Reckless Driving is defined as follows by § 1212 of the New York State Vehicle and Traffic Law:
Reckless driving shall mean driving or using any motor vehicle, motorcycle or any other vehicle propelled by any power other than muscular power or any appliance or accessory thereof in a manner which unreasonably interferes with the free and proper use of the public highway, or unreasonably endangers users of the public highway. Reckless driving is prohibited. Every person violating this provision shall be guilty of a misdemeanor.
Reckless driving is a highly subjective law that functions as a catch-all for many separate infractions. An ordinary speeding violation in New York certainly could fall under the statute. In fact, even a cell phone violation could be considered reckless as talking on the phone while driving can put others on the road in danger. Individuals convicted of a reckless driving ticket are subject to both a misdemeanor conviction (resulting in a permanent criminal record) as well as 5 points on your driving record.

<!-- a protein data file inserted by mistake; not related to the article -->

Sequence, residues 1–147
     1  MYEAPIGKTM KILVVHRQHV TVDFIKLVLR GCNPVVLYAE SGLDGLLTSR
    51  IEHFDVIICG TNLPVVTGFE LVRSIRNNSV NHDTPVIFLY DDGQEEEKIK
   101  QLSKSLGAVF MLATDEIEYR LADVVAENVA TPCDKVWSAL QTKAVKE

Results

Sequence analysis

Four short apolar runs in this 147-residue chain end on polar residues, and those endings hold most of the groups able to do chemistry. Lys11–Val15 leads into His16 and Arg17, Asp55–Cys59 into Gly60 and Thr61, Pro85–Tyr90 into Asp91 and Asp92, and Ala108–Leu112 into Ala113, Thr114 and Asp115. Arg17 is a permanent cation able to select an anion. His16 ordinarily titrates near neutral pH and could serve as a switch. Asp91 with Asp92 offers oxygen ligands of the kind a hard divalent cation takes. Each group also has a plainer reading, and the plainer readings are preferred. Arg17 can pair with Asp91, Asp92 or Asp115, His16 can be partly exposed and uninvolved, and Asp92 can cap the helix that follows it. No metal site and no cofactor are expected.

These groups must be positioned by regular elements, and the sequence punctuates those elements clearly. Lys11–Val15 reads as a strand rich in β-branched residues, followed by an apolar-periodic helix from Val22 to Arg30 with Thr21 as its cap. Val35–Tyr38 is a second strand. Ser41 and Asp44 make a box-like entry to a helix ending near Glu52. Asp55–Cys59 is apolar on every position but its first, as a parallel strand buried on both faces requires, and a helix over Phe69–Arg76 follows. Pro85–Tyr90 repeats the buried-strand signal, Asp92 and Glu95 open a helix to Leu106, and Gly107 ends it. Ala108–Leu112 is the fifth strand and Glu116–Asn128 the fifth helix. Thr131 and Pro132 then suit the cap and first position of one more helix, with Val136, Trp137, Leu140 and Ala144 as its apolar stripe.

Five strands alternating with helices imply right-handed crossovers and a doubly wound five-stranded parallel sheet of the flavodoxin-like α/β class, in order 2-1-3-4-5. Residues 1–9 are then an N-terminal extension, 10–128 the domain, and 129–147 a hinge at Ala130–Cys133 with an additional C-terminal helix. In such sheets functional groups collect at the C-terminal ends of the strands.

The financial consequences can be devastating for some. The maximum fine for a first offense is close to $400 and five points will be tacked onto the driver’s license. These points can make insurance rates skyrocket. It has been shown that people convicted of reckless driving may see as much as a 42 percent increase in their auto insurance premiums.
Our attorneys understand the subjective nature of this law and in most cases we are able to communicate our concerns to the District Attorney. Our goal is to minimize any potential damage a charge like this could cause. We will fervently fight to avoid any criminal convictions and, because there are significant points involved, fight to avoid those as well.